$15.8M water treatment plant completed in Delaware County
Lee Denney, Oklahoma’s director for USDA Rural Development, foreground, and others tour the new $15.8 million water treatment plant on Dec. 18 in southern Delaware County. CHAD HUNTER/CHEROKEE PHOENIX
The new $15.8 million water treatment plant in Flint Ridge is seen Dec. 18. Approximately 2,500 homes in southern Delaware County to the north end of Adair County will benefit from fresh, cleaner and safer drinking water, tribal and state officials said. CHAD HUNTER/CHEROKEE PHOENIX
Visitors get a look inside the new water treatment plant on Dec. 18 in Flint Ridge. CHAD HUNTER/CHEROKEE PHOENIX
Surrounded by local, state and federal officials, Deputy Chief Bryan Warner on Dec. 18 cuts the ribbon for a new water treatment plant in Delaware County. CHAD HUNTER/CHEROKEE PHOENIX
FLINT RIDGE – Tribal, state and federal leaders gathered Dec. 18 in Flint Ridge to dedicate a $15.8 million water treatment plant and celebrate a successful partnership.
“This is going to make a difference in the lives of particularly young people,” Principal Chief Chuck Hoskin Jr. said. “They will reap the benefits of living in a community with clean and reliable water. Their communities will be stronger because of it.”
The plant, located below the Clear Lake Dam in Delaware County, is expected to serve approximately 2,500 homes in Flint Ridge, Kansas, Leach, Colcord, Oaks, Twin Oaks, Rose and West Siloam Springs.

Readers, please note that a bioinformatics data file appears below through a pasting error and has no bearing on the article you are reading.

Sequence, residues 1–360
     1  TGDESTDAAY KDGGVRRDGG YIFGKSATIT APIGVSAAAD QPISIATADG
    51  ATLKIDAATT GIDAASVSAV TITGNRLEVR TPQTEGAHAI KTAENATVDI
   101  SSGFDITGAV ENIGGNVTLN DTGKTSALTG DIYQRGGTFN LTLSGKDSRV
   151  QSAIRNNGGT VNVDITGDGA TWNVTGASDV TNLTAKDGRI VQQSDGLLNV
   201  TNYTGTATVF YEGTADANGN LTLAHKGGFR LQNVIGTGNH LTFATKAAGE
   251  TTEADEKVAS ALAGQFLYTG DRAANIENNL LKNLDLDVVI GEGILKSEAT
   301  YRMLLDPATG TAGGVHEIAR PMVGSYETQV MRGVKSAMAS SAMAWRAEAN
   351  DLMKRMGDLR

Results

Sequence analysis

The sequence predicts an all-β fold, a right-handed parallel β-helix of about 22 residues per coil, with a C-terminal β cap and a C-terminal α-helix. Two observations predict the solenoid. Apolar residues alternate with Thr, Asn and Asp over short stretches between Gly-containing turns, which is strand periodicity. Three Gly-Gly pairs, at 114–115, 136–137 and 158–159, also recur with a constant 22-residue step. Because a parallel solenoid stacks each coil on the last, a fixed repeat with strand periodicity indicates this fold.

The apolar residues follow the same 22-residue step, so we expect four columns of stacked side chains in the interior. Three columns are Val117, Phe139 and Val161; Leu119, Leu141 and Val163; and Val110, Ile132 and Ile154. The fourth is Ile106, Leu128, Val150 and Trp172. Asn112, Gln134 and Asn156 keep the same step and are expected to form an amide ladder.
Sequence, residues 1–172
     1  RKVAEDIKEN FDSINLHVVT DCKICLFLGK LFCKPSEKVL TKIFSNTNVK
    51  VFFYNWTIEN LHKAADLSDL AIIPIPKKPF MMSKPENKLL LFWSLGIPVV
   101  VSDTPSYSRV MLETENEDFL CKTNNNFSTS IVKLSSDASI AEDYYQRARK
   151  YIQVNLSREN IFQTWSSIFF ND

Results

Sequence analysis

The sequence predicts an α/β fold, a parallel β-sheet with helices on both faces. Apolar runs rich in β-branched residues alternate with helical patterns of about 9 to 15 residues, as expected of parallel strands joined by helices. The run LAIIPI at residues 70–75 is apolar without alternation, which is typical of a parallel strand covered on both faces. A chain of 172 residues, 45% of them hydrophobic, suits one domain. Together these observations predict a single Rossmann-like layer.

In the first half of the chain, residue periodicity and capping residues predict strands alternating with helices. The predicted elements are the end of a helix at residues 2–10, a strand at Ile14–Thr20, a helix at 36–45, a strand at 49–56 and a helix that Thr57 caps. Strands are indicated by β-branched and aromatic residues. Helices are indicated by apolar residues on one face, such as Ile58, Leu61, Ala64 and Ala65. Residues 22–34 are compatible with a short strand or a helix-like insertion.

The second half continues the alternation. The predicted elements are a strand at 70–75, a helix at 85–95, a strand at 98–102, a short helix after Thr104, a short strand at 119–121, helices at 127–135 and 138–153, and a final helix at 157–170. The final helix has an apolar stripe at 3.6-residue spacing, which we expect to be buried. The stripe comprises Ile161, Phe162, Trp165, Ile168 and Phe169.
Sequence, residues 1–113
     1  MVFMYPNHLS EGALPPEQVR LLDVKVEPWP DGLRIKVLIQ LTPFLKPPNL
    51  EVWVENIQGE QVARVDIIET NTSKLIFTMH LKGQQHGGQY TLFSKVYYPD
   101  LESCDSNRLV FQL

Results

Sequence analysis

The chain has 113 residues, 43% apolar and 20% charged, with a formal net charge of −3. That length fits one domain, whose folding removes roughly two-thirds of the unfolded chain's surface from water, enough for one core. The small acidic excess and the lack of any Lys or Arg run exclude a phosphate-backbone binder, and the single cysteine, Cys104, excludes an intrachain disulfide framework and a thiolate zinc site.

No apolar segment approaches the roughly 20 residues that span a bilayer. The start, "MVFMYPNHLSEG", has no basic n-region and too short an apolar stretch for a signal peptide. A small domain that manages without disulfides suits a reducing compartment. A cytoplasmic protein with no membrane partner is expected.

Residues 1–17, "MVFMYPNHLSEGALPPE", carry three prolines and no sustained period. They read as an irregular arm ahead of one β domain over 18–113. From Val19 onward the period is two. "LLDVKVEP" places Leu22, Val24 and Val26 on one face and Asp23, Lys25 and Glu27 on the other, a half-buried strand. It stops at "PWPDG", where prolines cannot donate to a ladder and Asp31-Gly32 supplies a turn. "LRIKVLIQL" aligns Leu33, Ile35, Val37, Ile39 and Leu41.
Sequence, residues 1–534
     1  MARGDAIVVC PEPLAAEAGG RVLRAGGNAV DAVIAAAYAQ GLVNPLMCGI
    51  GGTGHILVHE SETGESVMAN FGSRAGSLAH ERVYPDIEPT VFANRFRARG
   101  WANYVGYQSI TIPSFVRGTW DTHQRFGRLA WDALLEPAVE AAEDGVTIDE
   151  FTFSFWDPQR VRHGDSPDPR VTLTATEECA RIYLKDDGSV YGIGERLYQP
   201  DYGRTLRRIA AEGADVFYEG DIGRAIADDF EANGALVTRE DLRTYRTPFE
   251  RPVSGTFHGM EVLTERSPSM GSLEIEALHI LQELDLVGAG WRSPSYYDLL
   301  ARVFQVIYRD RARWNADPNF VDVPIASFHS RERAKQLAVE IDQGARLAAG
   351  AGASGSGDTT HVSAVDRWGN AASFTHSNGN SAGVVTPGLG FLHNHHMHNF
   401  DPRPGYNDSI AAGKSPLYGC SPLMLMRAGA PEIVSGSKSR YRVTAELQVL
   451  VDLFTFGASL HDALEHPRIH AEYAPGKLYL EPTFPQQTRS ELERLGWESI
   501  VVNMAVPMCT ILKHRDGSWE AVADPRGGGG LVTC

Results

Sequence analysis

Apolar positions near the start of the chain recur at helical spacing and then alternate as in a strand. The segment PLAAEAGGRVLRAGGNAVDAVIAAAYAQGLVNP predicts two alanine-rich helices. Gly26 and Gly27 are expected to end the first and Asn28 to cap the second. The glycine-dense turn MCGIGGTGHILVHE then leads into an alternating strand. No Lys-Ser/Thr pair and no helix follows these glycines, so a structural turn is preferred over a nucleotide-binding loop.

Funding partners included the Cherokee Nation with a $476,000 planning grant, the federal Indian Health Service, revolving state funds and the South Delaware County Regional Water Authority. Rural development loans and grants were also used.
“We know we’re all in this together,” Hoskin said. “We know it’s not every man, every community, every government for themselves. We look for partners everywhere we can. I’m proud of our partnerships. I’m proud of the resources that we put on the table.”
Construction began in May 2017 on the plant, which can handle 2 million gallons of water per day. The project also includes water storage tanks, pump stations and several miles of waterline.
“To say the least, we are all very excited about this day finally arriving and look forward to providing the south end of Delaware County and the north end of Adair County with fresh, clean, safe drinking water for many years to come,” a South Delaware County Regional Water Authority project report for December states.
Lee Denney, the USDA’s Oklahoma Rural Development director, called the treatment plant a “shining star.”
“This is the first project Rural Development has done in a long time in collaboration with people such as Cherokee Nation and (Oklahoma Water Resources Board) and all the partners involved,” she said. “This kind of project is just a hallmark of what we like to sponsor.”
Oklahoma Secretary of Energy & Environment Kenneth Wagner, who grew up in Tahlequah, also attended the event, which included a ceremonial ribbon-cutting at the plant and a tour.
“To be here to dedicate such an important facility and infrastructure that really supports the lifeblood of this community is both gratifying for me personally, but it makes me proud to be an Oklahoman,” he said. “This is really a model of what should happen around the country.”
David Gray, the Environmental Protection Agency’s Region 6 deputy administrator, said he looked forward to touting the plant in his five-state region.
“One of the agency’s No. 1 priorities is drinking water infrastructure,” he said. “We are looking at this across the country. So to be able to have real models, real successes to demonstrate to communities around the country brings hope to them.”Cost Breakdown
• $8.68 million, treatment plant construction
• $3.23 million, refinancing of existing water district debt
• $2.24 million, engineering and planning services
• $1.08 million, water mains and pump stations
• $582,370, water storage tanks